Orange wines. What they are: A style of wine made from white wine grapes that stay in contact with skins and seeds after pressing. They are frequently fermented with natural yeasts and aged in clay amphoras, and slightly oxidated. They tend to have more tannins and body, like red wines, but retain the minerality of a white. What they are not: Wine made from or with oranges.
Wine Enthusiast defines orange wines like this:
Orange wines are white wines produced more like reds, with prolonged maceration of crushed grape skins and seeds. Often made in clay vessels or wooden barrels, they are relics of ancient winemaking traditions that trace back to the Caucasus.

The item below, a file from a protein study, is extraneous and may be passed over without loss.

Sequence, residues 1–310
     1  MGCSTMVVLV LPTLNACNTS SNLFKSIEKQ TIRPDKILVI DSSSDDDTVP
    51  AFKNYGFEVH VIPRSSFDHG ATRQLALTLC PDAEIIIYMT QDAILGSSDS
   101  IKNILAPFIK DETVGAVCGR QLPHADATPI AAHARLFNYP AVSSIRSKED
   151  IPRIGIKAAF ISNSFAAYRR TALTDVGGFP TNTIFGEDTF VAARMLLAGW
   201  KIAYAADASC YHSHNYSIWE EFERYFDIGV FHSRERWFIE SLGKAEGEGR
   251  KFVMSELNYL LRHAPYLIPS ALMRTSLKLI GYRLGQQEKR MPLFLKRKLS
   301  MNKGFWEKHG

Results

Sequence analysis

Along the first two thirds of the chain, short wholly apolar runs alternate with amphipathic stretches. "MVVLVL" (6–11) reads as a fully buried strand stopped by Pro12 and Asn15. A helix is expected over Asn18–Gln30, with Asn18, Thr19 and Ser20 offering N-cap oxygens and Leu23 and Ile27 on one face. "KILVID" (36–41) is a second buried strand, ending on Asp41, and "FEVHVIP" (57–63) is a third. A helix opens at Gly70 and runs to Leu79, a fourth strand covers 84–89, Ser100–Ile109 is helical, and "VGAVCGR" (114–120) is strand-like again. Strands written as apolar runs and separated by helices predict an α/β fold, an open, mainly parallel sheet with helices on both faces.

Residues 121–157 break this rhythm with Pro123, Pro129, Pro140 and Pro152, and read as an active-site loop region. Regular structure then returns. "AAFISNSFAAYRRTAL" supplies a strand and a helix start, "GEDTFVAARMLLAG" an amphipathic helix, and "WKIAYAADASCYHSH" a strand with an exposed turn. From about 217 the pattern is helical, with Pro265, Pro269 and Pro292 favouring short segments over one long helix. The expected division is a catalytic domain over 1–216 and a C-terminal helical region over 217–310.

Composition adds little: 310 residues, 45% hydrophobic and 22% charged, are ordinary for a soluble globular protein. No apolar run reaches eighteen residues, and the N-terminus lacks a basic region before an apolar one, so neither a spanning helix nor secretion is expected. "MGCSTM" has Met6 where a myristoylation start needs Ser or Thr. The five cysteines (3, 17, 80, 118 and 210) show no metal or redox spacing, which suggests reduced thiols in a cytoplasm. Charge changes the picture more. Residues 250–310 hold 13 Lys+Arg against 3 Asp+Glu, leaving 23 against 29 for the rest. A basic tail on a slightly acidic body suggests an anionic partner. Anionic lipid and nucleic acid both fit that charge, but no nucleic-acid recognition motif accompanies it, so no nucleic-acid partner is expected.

The first time I tried an orange wine (confession: It was a Slovenian wine) I was intrigued. I am in the process of tracking down more to try. So in my searches I have come across a couple of notable Spanish orange wines. While not technically an orange wine because of limited contact with the skins, the Terroir al Limit (Priorat) Terra de Cuques, a blend of Pedro Ximénez and Muscat d’Alexandria, is a golden-toned white. See the interview with winemaker Dominik Huber. Another Spanish orange wine is Esencia Rural, Pampaneo 2014 (Vino de la Tierra de Castilla), made from Airen, the most widely planted white grape in Spain. Reviewed by Jancis Robinson.
If you have any Spanish or Portuguese orange wine recommendations, we'd love to hear from you.
Photo European Cellars